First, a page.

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How to tell if my Pic16f84a is dead

Discussion in '8bit Microcontrollers' started by ChronoFish, Feb 3, 2004.

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  1. ChronoFish

    ChronoFish Guest

    Hi there,

    I have rigged up a pic on a bread board and I am not getting much response.

    I can put a scope on osc2 and see a nice waveform - but nothing on osc1 (should I be able to?). This is a pic16f84a-20/p which I am
    assuming means it will operate up to 20MHz - I'm using a 4MHz crystal.

    The code works in my debugger which simply does the following:

    If portb > 0 turn on everything on porta
    if portb > 3 turn off everything on porta

    WHAT SHOULD HAPPEN:
    So with an input on portb pin 0 or 1 my LEDs should light
    If lit, an input on portb pin 2 or higher should turn off the LEDs
    If not lit, an input on portb pin 2 or higher should flash the LEDs 1 time

    WHAT DOES HAPPEN:
    The reality is that touching portb on any pin with +5v does nothing.
    Touching physical pin 4 (the MCLR) turns on porta.


    Any ideas?
    Thanks!
    CF
     
  2. ChronoFish

    ChronoFish Guest


    Nothing like being able to answer your own questions:
    1. No it was not dead.
    2. You can only watch the OSC on OSC2
    Don't know why exactly...
    3. You can use a slower OSC than the rated speed
    obviously you only go as fast as the OSC you choose
    4. I needed to tie the reset (MCLR) to Vdd and did so via a 100R
    Still not 100% clear on this, but Myke Predko suggests it in his book
    5. Each of my inputs needed to be tied to ground and did so via a 100R
    5V turn the pin on, but removing it does not turn it off - something
    needs to turn it off and connecting it to ground does this.
    6. Thank god the 16f84 series is EEPROM - the perfect chip for a software guy.


    -CF
     
  3. OSC1 is high impedance (it's an "input" not an "output"), your scope
    probe loads it too much and stops the oscillator.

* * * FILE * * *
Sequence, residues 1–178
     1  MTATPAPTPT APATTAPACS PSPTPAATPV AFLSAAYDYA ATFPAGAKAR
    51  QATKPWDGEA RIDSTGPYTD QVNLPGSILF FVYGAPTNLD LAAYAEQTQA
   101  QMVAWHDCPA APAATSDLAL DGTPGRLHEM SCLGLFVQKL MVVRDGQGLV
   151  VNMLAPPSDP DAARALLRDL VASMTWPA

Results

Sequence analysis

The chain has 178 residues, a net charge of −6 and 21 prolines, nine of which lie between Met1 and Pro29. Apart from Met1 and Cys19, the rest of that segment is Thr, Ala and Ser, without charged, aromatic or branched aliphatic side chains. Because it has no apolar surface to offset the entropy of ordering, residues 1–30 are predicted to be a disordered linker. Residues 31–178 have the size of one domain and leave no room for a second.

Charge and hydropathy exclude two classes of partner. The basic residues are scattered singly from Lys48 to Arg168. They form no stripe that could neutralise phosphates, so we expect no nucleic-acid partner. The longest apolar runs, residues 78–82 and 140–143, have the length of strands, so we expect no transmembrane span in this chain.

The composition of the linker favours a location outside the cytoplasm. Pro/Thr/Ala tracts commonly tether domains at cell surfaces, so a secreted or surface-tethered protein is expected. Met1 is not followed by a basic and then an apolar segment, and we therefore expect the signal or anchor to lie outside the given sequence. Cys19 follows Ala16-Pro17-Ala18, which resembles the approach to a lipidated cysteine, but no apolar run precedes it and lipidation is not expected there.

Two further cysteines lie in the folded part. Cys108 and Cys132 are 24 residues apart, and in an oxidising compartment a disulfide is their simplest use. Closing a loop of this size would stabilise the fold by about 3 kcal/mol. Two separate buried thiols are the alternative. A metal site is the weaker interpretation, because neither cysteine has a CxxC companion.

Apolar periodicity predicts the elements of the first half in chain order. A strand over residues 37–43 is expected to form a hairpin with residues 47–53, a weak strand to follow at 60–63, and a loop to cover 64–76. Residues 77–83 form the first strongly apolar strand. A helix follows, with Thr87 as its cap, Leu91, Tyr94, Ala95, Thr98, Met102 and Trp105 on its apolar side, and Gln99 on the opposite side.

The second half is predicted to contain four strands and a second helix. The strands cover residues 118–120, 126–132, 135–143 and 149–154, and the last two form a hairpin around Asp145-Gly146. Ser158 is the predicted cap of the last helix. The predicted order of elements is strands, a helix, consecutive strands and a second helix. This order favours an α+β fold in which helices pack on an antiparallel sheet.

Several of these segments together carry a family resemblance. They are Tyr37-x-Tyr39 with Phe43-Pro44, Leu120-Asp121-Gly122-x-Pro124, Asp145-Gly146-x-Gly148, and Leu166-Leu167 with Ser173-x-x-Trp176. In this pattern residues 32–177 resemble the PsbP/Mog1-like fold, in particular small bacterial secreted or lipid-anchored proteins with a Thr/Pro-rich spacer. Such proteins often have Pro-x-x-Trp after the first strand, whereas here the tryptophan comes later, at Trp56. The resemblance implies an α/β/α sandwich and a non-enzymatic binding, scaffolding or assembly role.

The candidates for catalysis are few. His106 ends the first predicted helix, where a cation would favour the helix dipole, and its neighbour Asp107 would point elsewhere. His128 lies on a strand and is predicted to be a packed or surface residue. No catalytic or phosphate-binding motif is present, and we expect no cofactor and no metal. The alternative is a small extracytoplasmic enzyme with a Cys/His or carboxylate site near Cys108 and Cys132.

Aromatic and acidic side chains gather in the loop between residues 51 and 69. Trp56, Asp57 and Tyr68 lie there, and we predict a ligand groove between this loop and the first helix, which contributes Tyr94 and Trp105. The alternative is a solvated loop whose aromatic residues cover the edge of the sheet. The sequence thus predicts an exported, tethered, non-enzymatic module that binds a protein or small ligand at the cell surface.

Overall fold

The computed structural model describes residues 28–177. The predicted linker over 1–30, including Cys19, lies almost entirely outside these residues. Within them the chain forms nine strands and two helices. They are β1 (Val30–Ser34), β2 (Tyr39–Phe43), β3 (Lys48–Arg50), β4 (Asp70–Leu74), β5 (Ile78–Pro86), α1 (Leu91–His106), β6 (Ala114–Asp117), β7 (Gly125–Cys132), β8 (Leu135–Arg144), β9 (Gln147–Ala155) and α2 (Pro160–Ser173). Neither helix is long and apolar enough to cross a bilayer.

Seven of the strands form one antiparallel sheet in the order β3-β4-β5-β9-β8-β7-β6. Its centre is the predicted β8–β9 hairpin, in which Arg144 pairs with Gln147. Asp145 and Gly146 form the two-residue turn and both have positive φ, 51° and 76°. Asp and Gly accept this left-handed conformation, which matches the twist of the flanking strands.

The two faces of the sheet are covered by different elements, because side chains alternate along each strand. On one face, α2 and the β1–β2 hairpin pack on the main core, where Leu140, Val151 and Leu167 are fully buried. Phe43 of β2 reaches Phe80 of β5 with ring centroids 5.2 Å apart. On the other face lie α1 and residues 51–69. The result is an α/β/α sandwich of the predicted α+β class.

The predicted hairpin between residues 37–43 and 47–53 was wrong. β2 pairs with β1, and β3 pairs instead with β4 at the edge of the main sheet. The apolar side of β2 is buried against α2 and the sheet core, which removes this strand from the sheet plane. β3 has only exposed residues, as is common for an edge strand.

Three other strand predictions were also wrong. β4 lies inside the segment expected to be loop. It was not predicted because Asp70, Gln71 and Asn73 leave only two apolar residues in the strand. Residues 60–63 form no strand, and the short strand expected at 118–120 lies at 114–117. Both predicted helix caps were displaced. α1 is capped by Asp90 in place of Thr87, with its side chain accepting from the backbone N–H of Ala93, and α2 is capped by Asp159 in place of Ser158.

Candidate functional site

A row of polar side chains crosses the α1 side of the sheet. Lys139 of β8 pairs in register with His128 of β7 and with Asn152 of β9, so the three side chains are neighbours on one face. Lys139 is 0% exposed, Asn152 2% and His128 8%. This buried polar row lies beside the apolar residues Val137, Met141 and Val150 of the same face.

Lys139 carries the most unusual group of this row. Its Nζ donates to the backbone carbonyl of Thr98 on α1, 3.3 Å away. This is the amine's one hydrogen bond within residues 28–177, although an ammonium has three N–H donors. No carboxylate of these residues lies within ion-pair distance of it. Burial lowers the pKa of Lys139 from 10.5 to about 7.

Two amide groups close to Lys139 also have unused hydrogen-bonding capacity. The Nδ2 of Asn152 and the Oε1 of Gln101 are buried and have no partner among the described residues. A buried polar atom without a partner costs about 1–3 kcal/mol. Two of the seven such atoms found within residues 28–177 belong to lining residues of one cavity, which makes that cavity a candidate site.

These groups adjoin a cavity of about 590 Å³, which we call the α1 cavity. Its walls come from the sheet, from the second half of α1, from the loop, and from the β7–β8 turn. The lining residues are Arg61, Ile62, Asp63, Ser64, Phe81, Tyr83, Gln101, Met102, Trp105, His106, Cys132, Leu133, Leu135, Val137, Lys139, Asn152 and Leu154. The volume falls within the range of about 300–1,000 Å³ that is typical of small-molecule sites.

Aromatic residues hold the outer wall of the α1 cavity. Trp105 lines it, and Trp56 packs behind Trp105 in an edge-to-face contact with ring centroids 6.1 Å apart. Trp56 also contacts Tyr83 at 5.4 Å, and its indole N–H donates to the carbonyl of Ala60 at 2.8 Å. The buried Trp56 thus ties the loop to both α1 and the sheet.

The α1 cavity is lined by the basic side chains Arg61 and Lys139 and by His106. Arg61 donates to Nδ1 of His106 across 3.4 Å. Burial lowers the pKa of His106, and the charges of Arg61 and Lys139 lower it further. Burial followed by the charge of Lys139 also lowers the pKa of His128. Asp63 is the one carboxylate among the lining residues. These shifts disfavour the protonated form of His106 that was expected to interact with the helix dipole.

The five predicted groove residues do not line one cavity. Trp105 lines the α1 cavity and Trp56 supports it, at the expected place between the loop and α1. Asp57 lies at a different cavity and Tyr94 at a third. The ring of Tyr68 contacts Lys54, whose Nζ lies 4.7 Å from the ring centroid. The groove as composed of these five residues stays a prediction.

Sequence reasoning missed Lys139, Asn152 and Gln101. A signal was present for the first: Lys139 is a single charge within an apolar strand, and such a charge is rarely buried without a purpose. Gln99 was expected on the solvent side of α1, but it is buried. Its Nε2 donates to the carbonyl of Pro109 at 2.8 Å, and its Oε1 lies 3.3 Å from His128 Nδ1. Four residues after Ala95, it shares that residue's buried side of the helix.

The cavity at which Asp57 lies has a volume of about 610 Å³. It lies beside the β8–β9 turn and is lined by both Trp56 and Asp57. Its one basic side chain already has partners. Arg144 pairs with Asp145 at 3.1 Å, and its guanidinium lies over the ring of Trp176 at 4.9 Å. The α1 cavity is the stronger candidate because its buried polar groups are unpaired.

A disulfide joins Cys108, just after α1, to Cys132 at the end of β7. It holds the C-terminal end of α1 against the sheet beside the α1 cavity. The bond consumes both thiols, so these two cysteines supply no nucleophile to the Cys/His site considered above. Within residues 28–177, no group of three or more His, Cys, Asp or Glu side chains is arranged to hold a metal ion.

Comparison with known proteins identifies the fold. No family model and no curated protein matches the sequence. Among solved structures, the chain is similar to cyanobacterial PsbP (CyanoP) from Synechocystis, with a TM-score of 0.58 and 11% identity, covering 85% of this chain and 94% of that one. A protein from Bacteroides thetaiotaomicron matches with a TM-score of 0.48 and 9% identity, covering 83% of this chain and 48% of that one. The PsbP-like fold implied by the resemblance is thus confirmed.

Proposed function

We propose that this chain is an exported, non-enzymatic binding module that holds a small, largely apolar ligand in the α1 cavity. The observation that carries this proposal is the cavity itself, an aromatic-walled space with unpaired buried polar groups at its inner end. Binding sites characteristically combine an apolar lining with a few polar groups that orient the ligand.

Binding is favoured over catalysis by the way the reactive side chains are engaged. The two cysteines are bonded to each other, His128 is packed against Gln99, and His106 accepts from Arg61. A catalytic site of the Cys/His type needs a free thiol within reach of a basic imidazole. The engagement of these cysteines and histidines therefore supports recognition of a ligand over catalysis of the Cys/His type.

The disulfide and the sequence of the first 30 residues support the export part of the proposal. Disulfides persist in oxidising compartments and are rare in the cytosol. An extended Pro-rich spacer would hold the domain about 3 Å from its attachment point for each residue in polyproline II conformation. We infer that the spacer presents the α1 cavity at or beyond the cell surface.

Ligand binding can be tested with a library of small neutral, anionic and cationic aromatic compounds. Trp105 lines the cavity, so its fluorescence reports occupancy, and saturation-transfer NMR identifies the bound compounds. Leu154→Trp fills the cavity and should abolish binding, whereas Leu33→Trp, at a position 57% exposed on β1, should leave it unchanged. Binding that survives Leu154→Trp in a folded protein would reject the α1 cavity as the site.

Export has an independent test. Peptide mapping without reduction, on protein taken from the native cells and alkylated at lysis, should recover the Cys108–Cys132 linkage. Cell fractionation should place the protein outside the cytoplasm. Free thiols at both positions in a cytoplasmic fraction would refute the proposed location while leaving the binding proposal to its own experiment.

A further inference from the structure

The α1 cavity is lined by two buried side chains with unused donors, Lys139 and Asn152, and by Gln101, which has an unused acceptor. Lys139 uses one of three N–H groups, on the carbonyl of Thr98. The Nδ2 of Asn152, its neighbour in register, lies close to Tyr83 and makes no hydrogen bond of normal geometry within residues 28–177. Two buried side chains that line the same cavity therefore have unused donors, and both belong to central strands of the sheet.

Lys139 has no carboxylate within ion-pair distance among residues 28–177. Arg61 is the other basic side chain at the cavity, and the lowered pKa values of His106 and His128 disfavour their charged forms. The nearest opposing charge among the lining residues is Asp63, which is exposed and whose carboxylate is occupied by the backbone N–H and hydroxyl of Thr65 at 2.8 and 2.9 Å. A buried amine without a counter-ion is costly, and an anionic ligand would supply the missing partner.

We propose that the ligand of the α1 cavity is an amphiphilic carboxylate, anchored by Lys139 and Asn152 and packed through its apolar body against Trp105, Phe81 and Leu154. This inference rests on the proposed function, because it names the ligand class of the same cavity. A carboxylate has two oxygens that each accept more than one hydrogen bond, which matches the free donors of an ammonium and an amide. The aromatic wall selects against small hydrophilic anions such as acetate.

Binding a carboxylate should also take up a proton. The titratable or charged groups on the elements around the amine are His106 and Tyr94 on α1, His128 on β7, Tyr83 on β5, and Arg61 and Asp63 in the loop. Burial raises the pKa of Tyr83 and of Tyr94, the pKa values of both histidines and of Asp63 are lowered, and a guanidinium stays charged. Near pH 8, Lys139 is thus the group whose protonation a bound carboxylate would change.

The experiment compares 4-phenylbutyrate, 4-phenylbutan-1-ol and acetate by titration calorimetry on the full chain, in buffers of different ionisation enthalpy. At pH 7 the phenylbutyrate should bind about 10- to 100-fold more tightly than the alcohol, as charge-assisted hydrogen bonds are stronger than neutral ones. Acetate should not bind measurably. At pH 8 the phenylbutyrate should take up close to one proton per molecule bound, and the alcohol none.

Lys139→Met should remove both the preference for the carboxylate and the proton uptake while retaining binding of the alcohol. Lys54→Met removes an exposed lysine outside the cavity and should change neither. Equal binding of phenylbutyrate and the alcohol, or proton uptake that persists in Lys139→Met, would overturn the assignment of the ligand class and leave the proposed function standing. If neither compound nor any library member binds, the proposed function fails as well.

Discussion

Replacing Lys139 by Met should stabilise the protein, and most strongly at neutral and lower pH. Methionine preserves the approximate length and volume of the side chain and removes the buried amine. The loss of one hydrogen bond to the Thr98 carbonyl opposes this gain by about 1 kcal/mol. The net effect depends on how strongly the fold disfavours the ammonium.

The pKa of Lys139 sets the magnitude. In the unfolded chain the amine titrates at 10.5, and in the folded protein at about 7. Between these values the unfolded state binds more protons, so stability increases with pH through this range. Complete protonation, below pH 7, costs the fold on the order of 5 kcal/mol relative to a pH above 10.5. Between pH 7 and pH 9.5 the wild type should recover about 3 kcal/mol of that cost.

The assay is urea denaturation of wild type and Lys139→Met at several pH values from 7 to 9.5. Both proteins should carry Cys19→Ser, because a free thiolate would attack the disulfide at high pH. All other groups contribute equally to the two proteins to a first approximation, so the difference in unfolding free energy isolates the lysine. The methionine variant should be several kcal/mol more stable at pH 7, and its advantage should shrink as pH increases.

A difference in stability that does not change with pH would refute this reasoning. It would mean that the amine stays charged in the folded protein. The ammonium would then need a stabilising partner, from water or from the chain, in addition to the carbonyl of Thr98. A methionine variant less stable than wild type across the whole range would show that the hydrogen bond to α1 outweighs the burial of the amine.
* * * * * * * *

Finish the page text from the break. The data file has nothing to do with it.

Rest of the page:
It's the /RESET pin for the chip, effectively. Hold it low and the
    chip does nothing.
    They are like little capacitors- you need to charge and discharge
    them.
    The 16F628 is better for less $$.


    Best regards,
    Spehro Pefhany
     
  4. It is generally a bad idea to leave inputs open (i.e. not connected).
    This does only work on old standard TTL parts (which than act as if
    the input is +5V).

    CMOS chips may even be damaged by static electricity if inputs are
    left floating. In addition, power dissipation can increase
    substantialy if inputs are at switching threshold.

    However, most microcontrollers (in particular the PIC-series, IIRC)
    have built-in pullup resistors on the _port_-pins. These can be
    switched on by software. If you want to play safe use external
    pull-up resistors (i.e. resistors to +5V). 10k should be enough (see
    below)

    The usual way to connect pushbuttons is to pull the inputs to +5V with
    resistors. Then connecting the switch to GND. So pushing the button
    will force the input low. Of course, there is current floating
    through the resitor while the button is pressed, so don't use low
    values for the resistor.

    It is a very bad idea to switch between GND and +5V with the
    pushbutton. When you press the button it will not be connected for a
    short time.

    Have fun
    Jan-Hinnerk
     
  5. Dingus

    Dingus Guest

    .... it won't wake up.


    (should I be able to?). This is a pic16f84a-20/p which I am
     
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